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Wim Wenders wins the 2022 Praemium Imperiale

Torsten Landsberg
September 15, 2022

The German director took home the prestigious Japanese prize that's been dubbed the "Nobel Prize of the Arts." A look back at his influential career.

Wim Wenders claps and smiles.
Wim Wenders takes home the prestigious Japanese prize for his contribution to cinemaImage: Shuji Kajiyama/AP/dpa/picture alliance

Japan's Praemium Imperiale is one of the world's most important art prizes. Since its founding in 1988, it has been given out by the Japan Art Association to artists and musicians at the top of their careers in five different categories each year. The award is so prestigious it is sometimes referred to as the "Nobel Prize of the Arts." German filmmaker Wim Wenders is among the 2022 winners, which were announced on Thursday.

A figurehead of New German Cinema

Born in Düsseldorf in 1945, Wim Wenders is one of the best known founding fathers of the movement known as New German Cinema, which revitalized the country's post-war filmmaking with new stories, formats and narrative styles from the 1960s onwards. The movement also included directors Rainer Werner Fassbinder, Werner Herzog and Volker Schlöndorff.

Wenders' 1984 road movie, "Paris, Texas," won the Palme d'Or at the Cannes Film Festival, while the 1987 work "Wings of Desire" is considered a masterpiece of auteur cinema.

In the 1990s, Wenders accompanied US musician Ry Cooder and the Cuban musicians of the Buena Vista Social Club on tour with his camera, filming a much-acclaimed documentary of the same name in 1999.

From New German Cinema to Tokyo's Toilets

Beyond winning the prestigious Japanese award, Wenders has developed a special relationship with Japan over the decades.

His 1985 documentary "Tokyo-Ga" is a tribute to filmmaker Yasujiro Ozu, and in "Notebook on Cities and Clothes" from 1989 he devoted himself to Japanese fashion designer Yohji Yamamoto.

Earlier in 2022, Wenders announced he would be making a feature film about Japanese public restrooms. The upcoming feature film, to be shot in Japan this year, will bring together four short stories, and will star renowned Japanese actor Koji Yakusho in the role of a toilet cleaner.

The fictional movie is based on a current project in the Japanese capital called "The Tokyo Toilet" — an urban renewal project through which 17 public toilets in the Japanese capital are being turned into works of art by star architects from around the world, including Tadao Ando. "There is something very Japanese about the idea, about the whole setting. And I almost think it's a utopian idea," Wenders told reporters back in May.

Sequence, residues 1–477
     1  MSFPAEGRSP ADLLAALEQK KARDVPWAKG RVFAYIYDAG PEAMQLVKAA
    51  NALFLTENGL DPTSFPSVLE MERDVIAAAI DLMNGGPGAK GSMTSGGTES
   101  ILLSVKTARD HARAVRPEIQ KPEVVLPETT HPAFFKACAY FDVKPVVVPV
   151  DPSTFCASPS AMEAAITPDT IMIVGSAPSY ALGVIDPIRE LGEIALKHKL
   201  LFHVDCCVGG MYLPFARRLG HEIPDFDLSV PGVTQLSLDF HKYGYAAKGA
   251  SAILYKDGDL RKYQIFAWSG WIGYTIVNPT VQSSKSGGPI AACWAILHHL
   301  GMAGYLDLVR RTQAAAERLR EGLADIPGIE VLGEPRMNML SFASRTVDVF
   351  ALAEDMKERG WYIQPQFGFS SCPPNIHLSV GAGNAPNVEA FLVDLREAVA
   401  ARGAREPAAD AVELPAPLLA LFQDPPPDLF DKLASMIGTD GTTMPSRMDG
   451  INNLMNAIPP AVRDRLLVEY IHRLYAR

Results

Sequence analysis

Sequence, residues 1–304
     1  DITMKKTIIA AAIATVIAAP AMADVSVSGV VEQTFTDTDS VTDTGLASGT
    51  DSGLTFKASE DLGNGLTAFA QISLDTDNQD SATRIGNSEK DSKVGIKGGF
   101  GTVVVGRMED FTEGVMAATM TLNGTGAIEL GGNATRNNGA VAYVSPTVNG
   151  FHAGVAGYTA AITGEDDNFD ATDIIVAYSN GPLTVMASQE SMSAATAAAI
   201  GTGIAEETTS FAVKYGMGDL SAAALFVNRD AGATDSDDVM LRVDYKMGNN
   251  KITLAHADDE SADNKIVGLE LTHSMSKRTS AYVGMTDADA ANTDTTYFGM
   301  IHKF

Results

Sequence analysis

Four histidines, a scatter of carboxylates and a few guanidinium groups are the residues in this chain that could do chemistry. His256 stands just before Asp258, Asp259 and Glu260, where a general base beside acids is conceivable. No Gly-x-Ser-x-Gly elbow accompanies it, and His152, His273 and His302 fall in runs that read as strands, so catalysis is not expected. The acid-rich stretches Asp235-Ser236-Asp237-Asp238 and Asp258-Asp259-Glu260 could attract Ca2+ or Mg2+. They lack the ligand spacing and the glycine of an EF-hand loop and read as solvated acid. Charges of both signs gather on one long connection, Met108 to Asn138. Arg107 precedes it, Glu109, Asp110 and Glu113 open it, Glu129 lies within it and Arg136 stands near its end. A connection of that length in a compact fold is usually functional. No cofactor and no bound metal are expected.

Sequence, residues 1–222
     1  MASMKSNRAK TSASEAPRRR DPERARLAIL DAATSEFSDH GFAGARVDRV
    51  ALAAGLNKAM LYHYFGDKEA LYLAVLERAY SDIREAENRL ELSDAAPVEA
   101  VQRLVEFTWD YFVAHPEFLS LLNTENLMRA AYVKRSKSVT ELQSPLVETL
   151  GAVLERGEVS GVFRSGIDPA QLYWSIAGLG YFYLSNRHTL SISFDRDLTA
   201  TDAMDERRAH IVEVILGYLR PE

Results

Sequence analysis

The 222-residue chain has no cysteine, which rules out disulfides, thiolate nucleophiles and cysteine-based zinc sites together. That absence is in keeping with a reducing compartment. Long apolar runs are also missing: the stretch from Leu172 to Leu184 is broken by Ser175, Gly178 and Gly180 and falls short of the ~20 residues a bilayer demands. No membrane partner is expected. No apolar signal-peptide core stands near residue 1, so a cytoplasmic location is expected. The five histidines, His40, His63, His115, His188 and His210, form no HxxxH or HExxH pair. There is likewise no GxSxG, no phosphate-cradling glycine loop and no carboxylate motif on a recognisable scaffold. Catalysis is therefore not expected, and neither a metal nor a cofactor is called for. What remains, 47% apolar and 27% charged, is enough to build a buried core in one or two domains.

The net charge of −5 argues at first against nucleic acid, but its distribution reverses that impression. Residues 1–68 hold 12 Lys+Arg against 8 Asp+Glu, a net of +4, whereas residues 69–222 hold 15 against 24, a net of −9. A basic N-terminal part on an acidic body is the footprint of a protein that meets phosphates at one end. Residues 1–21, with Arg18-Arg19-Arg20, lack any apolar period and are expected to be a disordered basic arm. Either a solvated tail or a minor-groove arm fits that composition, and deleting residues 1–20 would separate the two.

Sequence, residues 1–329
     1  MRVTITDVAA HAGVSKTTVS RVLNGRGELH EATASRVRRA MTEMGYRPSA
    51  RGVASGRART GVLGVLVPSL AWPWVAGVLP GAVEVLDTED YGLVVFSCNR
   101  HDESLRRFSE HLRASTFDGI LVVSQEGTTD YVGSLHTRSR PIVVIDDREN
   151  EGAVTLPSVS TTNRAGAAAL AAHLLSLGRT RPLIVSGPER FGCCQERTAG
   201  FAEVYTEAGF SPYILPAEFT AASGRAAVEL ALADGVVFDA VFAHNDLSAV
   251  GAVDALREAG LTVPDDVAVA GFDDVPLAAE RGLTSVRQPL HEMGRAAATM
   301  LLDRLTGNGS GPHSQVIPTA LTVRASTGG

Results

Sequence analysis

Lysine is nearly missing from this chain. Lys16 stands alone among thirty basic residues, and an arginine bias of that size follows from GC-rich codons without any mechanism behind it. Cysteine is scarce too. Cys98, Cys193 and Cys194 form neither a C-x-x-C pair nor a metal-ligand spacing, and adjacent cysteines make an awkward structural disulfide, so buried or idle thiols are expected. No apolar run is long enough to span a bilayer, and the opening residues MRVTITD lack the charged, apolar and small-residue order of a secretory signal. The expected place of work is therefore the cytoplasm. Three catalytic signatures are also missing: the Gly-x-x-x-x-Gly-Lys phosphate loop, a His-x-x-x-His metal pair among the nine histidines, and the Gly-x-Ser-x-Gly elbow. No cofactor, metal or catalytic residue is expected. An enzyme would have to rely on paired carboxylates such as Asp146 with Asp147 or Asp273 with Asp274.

A photo shows someone walking into a stylish public toilet made by combining concrete walls.
Wenders is now making a film based on Tokyo's public toilets designed by famous architectsImage: Yoshitaka Nishi/AP Photo/picture alliance

€100,000 in prize money

Beyond Wenders, this year's other prizewinners are Chinese artist Ai Weiwei, Italian painter Giulio Paolini, Polish pianist Krystian Zimerman and Japanese architecture firm SANAA.

The Kronberg Academy foundation based in Taunus, which trains young string musicians from all over the world, was awarded a scholarship for young artists.

The Praemium Imperiale was established by the Japanese Imperial Family to commemorate Prince Takamatsu, who died in 1987.

The categories include painting, sculpture, architecture, music and theater/film, with each winner receiving 15 million yen (currently around $104,500, 105,000€).

In 2021 no prize winner was named in the film/directing category due to the effects of the COVID-19 pandemic. The prize was also not awarded in 2020 for the same reason.

Previous winners include director Martin Scorsese, artist James Turrell, cellist Yo-Yo Ma, Sofia Loren, the recently deceased director Jean-Luc Godard and architects such as Norman Foster and Rem Koolhaas, fashion designer Issey Miyake and photo artist Cindy Sherman..

Wim Wenders and the story of his life

This article was originally written in German.